activities of $311,117 during the comparable period of 2009. The cash used in investing activities in 2010 was for the purchase of property and
equipment of $2.08 million, purchase of a patent of $74,988 and construction in progress of $876,207, while cash us ed in investing activities in
the nine months ended September 30, 2009, was mainly for a long term investment of $87,821 into a local credit union and cons truction in
progress of $195,698.

Net cash provided by financing activities was $11,355,553 in the n ine months ended September 30, 2010, co mpared to net cash provided by
financing activit ies of $2,195,518 in the same period of 2009. The increase in cash inflow in 2010 consisted of $2.43 million in cash
contributions by shareholders, net proceeds of $8.25 million received through a private placement offering, and $675,795 net cash proceeds
fro m bank loans net of repayment. In the same period of 2009, we had $2.19 million in proceeds from bank loans.

Year E nded December 31, 2009, compared to the Year E nded December 31, 2008

Operations and liquidity needs are funded primarily through cash flows fro m operations, short -term borrowings and shareholder contributions.
The cash is used in operations and plant construction.
As of December 31, 2009, the Co mpany had cash and equivalents of $1,295,145, other current assets of $2,109,408, and curren t liab ilit ies of
$5,157,488. Working capital deficit was $1,752,935 at December 31, 2009. The rat io of current assets to current liabilit ies was 0.66-to-1 as of
December 31, 2009.

The following is a summary of cash provided by or used in each of the indicated types of activities during the years ended De cember 31, 2009
and 2008, respectively:


                                                                        27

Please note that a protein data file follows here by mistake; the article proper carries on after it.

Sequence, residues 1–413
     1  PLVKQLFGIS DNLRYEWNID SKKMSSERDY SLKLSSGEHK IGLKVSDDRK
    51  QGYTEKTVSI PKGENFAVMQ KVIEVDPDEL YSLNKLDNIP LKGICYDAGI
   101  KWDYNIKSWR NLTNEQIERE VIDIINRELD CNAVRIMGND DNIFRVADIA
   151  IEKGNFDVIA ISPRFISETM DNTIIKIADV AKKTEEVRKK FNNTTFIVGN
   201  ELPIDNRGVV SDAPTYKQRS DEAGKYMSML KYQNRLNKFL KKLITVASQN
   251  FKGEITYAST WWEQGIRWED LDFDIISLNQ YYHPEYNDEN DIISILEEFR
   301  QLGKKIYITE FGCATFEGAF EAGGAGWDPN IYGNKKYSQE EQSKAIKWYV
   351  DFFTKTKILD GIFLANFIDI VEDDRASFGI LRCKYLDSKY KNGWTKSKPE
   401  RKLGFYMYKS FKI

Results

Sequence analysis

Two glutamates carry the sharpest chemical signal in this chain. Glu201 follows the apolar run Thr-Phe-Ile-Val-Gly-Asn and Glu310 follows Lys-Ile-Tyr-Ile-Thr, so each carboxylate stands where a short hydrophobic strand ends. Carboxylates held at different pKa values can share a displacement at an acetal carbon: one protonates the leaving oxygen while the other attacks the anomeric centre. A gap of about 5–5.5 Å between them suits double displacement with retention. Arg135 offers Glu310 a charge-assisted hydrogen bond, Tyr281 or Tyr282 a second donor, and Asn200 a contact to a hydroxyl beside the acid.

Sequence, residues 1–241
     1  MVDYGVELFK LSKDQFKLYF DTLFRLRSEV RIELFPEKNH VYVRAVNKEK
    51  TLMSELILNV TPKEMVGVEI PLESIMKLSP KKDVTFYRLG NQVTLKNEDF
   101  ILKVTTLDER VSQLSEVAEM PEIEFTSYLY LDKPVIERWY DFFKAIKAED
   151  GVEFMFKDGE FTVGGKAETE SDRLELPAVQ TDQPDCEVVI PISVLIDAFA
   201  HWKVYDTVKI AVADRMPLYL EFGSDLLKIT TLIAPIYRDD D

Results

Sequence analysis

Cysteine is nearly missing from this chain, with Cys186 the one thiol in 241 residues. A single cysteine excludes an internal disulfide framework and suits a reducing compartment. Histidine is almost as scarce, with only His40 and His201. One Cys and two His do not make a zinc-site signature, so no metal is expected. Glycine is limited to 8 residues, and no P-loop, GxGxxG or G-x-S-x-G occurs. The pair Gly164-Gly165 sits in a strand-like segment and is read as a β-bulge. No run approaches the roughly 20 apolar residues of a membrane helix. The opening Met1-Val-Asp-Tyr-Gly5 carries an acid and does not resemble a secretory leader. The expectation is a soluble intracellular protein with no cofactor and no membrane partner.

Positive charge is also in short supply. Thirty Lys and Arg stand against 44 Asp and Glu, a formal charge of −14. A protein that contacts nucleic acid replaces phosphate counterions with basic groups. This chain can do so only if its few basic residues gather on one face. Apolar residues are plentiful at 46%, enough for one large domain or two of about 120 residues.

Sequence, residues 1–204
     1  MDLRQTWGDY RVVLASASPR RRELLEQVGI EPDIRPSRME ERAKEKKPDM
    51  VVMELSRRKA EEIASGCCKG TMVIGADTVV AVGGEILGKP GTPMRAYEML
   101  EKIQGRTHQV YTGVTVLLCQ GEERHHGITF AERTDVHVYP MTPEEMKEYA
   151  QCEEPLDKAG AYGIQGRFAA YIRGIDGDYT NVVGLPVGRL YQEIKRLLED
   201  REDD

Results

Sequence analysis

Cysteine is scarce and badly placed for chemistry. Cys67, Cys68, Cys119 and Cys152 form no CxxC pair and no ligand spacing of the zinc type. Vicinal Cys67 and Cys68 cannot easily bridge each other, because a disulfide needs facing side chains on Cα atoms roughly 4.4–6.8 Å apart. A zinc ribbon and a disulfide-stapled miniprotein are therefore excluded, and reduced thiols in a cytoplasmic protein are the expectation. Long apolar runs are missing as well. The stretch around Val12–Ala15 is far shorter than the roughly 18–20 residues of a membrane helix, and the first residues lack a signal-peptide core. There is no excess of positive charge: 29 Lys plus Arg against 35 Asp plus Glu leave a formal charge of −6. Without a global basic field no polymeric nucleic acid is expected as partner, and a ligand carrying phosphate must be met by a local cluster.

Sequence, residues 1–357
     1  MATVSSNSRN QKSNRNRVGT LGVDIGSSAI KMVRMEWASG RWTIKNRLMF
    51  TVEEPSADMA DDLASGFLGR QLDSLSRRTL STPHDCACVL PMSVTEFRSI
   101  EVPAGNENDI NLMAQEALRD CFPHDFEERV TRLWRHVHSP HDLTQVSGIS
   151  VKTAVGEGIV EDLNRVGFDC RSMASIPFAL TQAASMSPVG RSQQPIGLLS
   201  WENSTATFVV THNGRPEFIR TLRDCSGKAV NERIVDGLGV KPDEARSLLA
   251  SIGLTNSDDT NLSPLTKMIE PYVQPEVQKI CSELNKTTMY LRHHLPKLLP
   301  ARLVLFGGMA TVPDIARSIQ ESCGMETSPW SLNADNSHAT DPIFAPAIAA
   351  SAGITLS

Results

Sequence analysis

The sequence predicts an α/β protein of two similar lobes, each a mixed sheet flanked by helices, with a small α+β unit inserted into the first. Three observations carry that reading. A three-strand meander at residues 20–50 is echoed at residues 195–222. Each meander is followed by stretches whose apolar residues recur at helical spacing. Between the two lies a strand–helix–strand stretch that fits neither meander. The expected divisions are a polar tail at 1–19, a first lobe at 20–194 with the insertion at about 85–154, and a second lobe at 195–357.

2009                2008
Cash provided by (used in):
Operating activit ies                                                                                        $      (565,706 )   $     1,349,222
Investing activities                                                                                              (1,385,676 )        (4,643,319 )
Financing activit ies                                                                                              3,220,612                   -

Net cash used in operating activities was $565,706 in 2009, co mpared to net cash provided by operating activities of $1,349,222 in 2008. The
increase in net cash used in operating activities during 2009 was main ly due to the increased accounts receivable, other rece ivables and
payments for prepaid expenses and inventory, despite a significant increase in net income.

Net cash used in investing activities was $1,385,676 in 2009, co mpared to net cash used in investing activities of $4,643,319 in 2008. The cash
used in investing activities in 2009 was for the purchase of property and equipment of $52,581, construction in progress of $1.25 million and a
long term investment of $87,353 in a local cred it union, whereas cash used in investing activities in 2008 was mainly for the purchase of land
use rights and construction in progress.

Net cash provided by financing activities was $3,220,612 in 2009, co mpared to net cash provided by financing activities of $0 in 2008. The
increased cash provided by financing activities was due primarily to proceeds from short term lo ans fro m Credit Unions. The due date of all the
loans was May 26, 2010. The loans were not subject to any covenants and were paid in fu ll in August 2010.

Our standard payment terms in our arrangements with our customers generally p rovide that 30% of the purchase price is due upo n the
placement of an order, 30% is due upon reaching certain milestones in the manufacturing process and 30% is due upon customer inspection and
acceptance of the product, which customers normally co mp lete within one to two weeks after delivery. As a co mmon practice in the
manufacturing business in Ch ina, pay ment of the final 10% of the purchase price is due no later than the termina tion date of the product
warranty period, which can be up to 24 months fro m the customer acceptance date. Payment terms are negotiated on a case -by-case basis and
these payment percentages and terms may d iffer for each customer. We may experience payment d elays fro m time to time of up to six months
fro m the due date, but we fully expect to receive all payments based on the contracted terms despite any customer delays in p ayment. Our
collections are reasonably assured because the majority of our customers are large, well-capitalized state-owned and publicly traded utility and